meteorology of ozones
In the troposphere, the temperature generally decreases with altitude. The reason is that the troposphere's gases absorb very little of the. The troposphere is the layer of the atmosphere closest to the earth's surface where the weather takes place. The warmest temperatures in the troposphere are . The troposphere is the lowest layer of Earth's atmosphere, and is also where nearly all weather conditions take place. It contains approximately 75% of the atmosphere's mass and 99% of the total mass of water vapor and aerosols. The average height of the troposphere are 18 km (11 mi; 59, ft) in the The temperature of the troposphere decreases with altitude.
Atmospheric scientists use a concept called a "standard atmosphere" to represent an average atmosphere with variations caused by weather, latitude, season, and so forth, removed.
Higher up in the troposphere, where less heat from the surface warms the air, the temperature drops. Typically, the temperature drops about 6.
The rate at which the temperature changes with altitude is called the "lapse rate". Of course, the atmosphere is always changing and is never "standard". Temperatures in the troposphere, both at the surface and at various altitudes, do vary based on latitude, season, time of day or night, regional weather conditions, and so on.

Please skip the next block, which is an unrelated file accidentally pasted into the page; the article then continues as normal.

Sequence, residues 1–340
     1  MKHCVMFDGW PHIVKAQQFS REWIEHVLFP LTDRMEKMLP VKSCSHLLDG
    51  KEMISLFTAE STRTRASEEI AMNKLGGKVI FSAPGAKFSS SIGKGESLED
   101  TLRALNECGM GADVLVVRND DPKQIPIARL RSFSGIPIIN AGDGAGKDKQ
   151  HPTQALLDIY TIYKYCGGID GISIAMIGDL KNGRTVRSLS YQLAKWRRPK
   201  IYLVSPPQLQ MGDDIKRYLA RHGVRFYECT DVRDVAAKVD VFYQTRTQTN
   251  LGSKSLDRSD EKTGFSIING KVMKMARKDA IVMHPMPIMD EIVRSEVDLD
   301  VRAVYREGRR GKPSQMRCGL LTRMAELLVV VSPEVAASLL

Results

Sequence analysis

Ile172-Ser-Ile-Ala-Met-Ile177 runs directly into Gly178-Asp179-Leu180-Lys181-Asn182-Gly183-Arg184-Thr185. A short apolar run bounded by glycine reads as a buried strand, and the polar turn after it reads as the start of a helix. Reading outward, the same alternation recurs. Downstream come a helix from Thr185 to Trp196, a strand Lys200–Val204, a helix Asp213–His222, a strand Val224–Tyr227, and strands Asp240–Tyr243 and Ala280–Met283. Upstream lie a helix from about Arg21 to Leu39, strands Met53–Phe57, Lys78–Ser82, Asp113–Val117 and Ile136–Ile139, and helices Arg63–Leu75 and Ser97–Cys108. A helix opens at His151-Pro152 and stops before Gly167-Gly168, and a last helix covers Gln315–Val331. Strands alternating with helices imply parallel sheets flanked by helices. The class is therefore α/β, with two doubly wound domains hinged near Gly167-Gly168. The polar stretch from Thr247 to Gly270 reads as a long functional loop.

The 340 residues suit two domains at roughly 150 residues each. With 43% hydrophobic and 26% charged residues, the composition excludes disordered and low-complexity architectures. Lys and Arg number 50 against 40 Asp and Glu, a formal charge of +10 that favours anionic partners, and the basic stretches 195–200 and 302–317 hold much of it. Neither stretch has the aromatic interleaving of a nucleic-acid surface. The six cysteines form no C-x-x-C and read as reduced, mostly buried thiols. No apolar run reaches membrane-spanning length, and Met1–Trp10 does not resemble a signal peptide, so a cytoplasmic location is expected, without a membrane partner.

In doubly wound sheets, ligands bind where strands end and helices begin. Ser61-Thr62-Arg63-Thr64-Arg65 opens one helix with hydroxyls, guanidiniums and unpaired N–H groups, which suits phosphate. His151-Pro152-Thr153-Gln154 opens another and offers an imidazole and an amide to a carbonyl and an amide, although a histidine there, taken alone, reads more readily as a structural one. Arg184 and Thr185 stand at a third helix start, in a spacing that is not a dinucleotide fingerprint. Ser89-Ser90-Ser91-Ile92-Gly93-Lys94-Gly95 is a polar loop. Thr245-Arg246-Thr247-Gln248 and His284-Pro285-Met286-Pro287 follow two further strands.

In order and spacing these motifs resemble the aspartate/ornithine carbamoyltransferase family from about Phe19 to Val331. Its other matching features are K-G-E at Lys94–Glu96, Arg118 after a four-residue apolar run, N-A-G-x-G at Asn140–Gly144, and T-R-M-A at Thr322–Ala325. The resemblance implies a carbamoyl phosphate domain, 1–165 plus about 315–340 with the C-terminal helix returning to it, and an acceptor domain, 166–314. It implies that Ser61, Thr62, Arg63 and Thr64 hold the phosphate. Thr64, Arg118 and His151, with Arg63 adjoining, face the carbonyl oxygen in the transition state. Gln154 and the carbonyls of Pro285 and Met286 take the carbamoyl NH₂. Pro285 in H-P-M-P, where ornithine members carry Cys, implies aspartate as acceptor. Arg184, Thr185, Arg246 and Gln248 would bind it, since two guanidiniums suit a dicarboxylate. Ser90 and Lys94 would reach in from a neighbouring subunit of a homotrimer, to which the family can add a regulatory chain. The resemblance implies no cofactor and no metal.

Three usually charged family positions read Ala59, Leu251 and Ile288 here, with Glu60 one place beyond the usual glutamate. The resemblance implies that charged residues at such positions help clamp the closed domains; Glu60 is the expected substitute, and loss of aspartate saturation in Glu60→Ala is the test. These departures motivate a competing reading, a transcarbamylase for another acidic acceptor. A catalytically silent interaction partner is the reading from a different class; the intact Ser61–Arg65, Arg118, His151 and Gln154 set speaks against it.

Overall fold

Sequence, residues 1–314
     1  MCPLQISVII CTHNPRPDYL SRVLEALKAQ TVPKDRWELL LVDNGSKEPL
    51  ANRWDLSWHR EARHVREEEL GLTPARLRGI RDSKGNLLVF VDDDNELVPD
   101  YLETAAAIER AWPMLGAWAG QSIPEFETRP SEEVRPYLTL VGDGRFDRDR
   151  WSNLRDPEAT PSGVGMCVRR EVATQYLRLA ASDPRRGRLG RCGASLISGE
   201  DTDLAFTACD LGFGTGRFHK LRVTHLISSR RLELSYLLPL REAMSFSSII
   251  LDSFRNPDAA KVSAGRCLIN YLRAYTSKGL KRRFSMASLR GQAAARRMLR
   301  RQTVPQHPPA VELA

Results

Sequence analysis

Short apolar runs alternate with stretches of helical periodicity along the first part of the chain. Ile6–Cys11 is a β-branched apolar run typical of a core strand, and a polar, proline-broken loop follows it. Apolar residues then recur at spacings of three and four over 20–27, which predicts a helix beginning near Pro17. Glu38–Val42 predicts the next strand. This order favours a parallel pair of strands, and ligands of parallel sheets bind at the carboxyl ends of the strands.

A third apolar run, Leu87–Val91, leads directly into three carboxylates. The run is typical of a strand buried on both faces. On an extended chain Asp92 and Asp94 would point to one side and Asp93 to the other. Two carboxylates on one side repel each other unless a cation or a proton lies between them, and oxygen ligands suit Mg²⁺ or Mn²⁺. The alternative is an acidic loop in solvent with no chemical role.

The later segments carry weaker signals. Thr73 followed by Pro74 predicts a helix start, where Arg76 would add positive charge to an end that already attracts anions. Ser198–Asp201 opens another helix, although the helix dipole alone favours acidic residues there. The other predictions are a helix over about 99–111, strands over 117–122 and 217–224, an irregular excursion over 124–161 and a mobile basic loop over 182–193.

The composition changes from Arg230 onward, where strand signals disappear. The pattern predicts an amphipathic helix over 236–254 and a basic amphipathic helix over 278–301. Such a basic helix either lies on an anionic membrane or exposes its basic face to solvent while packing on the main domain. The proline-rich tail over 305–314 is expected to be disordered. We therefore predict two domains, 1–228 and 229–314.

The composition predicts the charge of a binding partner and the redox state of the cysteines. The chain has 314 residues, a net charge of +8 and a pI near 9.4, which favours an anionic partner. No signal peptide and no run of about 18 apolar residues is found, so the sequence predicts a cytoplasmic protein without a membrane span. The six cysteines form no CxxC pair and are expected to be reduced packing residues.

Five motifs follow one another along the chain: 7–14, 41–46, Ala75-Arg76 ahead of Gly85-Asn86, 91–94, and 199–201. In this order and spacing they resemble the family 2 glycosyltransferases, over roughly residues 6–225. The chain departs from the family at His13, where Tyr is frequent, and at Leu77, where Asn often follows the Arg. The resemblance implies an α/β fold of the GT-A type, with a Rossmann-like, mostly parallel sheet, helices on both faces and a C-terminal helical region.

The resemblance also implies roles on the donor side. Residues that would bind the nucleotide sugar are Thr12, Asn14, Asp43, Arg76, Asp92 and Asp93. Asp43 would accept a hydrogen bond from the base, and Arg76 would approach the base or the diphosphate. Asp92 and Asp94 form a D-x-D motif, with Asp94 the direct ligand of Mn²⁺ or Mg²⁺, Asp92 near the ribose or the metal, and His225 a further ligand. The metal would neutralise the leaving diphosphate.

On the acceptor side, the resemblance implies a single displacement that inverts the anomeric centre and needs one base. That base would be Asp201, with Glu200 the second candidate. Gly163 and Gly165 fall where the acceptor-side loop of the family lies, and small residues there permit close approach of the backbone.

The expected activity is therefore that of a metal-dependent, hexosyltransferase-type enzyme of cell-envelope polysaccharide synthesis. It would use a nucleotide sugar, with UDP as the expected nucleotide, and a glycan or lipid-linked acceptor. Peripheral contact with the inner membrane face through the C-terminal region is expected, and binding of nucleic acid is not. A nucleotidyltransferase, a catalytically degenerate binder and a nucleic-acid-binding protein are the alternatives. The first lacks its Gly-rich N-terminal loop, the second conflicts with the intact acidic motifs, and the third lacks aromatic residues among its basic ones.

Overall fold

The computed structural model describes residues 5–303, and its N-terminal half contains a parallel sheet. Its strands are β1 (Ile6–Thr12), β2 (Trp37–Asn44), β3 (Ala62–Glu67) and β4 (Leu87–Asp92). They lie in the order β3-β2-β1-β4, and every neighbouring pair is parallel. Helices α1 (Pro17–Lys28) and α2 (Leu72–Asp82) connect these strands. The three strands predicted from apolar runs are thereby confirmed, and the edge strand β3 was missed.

When a weather phenomenon called at " temperature inversion " occurs, temperature in some part of the troposphere gets warmer with increasing altitude, contrary to the normal situation. The summit of Mt.
Everest is a little over 29, ft. Cruising altitude in a passenger jet is usually between 30, and 40, near or just above the top of the troposphere, and at the bottom of the stratosphere. Temperature remains constant between 10 and 20 km and then increases with increasing altitude between 20 and 50 km. These two sections form the stratosphere.
Changes in air temperature with altitude
The stratosphere is a very stable air layer. Increasing temperature with increasing altitude is called an inversion. This is what makes the stratosphere so stable. A kilometer is one thousand meters. Since 1 meter is about 3 feet, 10 km is about 30, feet. There are feet in a mile so this is about 6 miles. We can see the visible light.
High School Earth Science/Atmospheric Layers - Wikibooks, open books for an open world
This warms the ground. The thickness and the boundary of each layer are not identical throughout the globe but vary in different time and places Fig. Vertical temperature profile of the atmosphere. The troposphere is about 12 kilometers thick on average; it is thicker in summer than in winter. The troposphere over low latitude regions is usually thicker than over high latitude regions.
The troposphere over the equator is about 18 kilometers thick, while its thickness in the regions nearest the two poles is only about eight to nine kilometers. The temperature in the troposphere usually decreases with height at the average lapse rate of 6.
The air in the troposphere is more unstable and with strong convection.